Remote sensing tertiary education meets high intensity interval training

Karen Joyce, Barbara White

    Research output: Chapter in Book/Report/Conference proceedingConference Paper published in ProceedingsResearchpeer-review

    Abstract

    Enduring a traditional lecture is the tertiary education equivalent of a long, slow, jog. There are certainly some educational benefits if the student is able to maintain concentration, but they are just as likely to get caught napping and fall off the back end of the treadmill. Alternatively, a pre-choreographed interactive workshop style class requires students to continually engage with the materials. Appropriately timed breaks or intervals allow students to recover briefly before being increasingly challenged throughout the class. Using an introductory remote sensing class at Charles Darwin University, this case study presents a transition from the traditional stand and deliver style lecture to an active student-led learning experience. The class is taught at undergraduate and postgraduate levels, with both on-campus as well as online distance learning students. Based on the concept that active engagement in learning materials promotes 'stickiness' of subject matter, the remote sensing class was re-designed to encourage an active style of learning. Critically, class content was reviewed to identify the key learning outcomes for the students. This resulted in a necessary sacrifice of topic range for depth of understanding. Graduates of the class reported high levels of enthusiasm for the materials, and the style in which the class was taught. This paper details a number of techniques that were used to engage students in active and problem based learning throughout the semester. It suggests a number of freely available tools that academics in remote sensing and related fields can readily incorporate into their teaching portfolios. Moreover, it shows how simple it can be to provide a far more enjoyable and effective learning experience for students than the one dimensional lecture.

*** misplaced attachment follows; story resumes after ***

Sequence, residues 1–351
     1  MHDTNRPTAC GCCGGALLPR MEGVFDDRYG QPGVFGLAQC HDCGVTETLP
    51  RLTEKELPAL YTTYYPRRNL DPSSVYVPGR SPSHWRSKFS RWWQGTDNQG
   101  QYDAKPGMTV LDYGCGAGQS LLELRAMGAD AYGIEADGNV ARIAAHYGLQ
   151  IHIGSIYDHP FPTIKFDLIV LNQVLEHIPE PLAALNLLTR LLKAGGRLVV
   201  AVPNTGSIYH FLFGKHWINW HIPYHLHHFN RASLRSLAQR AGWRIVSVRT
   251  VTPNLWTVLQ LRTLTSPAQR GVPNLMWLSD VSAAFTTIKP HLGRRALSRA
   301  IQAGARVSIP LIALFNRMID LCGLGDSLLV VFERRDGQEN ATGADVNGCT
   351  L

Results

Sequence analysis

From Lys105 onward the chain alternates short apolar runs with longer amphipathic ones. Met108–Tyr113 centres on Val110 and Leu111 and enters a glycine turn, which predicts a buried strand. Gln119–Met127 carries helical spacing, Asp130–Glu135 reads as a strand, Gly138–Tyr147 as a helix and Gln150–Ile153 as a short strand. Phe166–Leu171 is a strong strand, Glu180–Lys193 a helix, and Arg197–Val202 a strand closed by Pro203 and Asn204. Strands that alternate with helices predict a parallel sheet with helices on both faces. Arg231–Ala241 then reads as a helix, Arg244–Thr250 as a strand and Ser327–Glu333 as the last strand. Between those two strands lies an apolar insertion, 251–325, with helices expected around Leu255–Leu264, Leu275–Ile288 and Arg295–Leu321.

Original languageEnglish
    Title of host publicationInternational Archives of the Photogrammetry, Remote Sensing and Spatial Information Sciences
    Subtitle of host publication36th International Symposium on Remote Sensing of Environment
    EditorsG Schreier, PE Skrovseth, H Staudenrausch
    Place of PublicationBerlin, Germany
    PublisherInternational Society for Photogrammetry and Remote Sensing
    Pages1089-1092
    Number of pages4
    Volume40
    DOIs
    Publication statusPublished - 2015
    EventInternational Symposium on Remote Sensing of Environment (ISRSE 2015 36th) - Berlin, Germany, Berlin, Germany
    Duration: 11 May 201515 May 2015
    Conference number: 2015 (36th)

    Conference

    ConferenceInternational Symposium on Remote Sensing of Environment (ISRSE 2015 36th)
    Abbreviated titleISRSE
    CountryGermany
    CityBerlin
    Period11/05/1515/05/15

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    Cite this

    Joyce, K., & White, B. (2015). Remote sensing tertiary education meets high intensity interval training. In G. Schreier, PE. Skrovseth, & H. Staudenrausch (Eds.), International Archives of the Photogrammetry, Remote Sensing and Spatial Information Sciences: 36th International Symposium on Remote Sensing of Environment (Vol. 40, pp. 1089-1092). Berlin, Germany: International Society for Photogrammetry and Remote Sensing. https://doi.org/10.5194/isprsarchives-XL-7-W3-1089-2015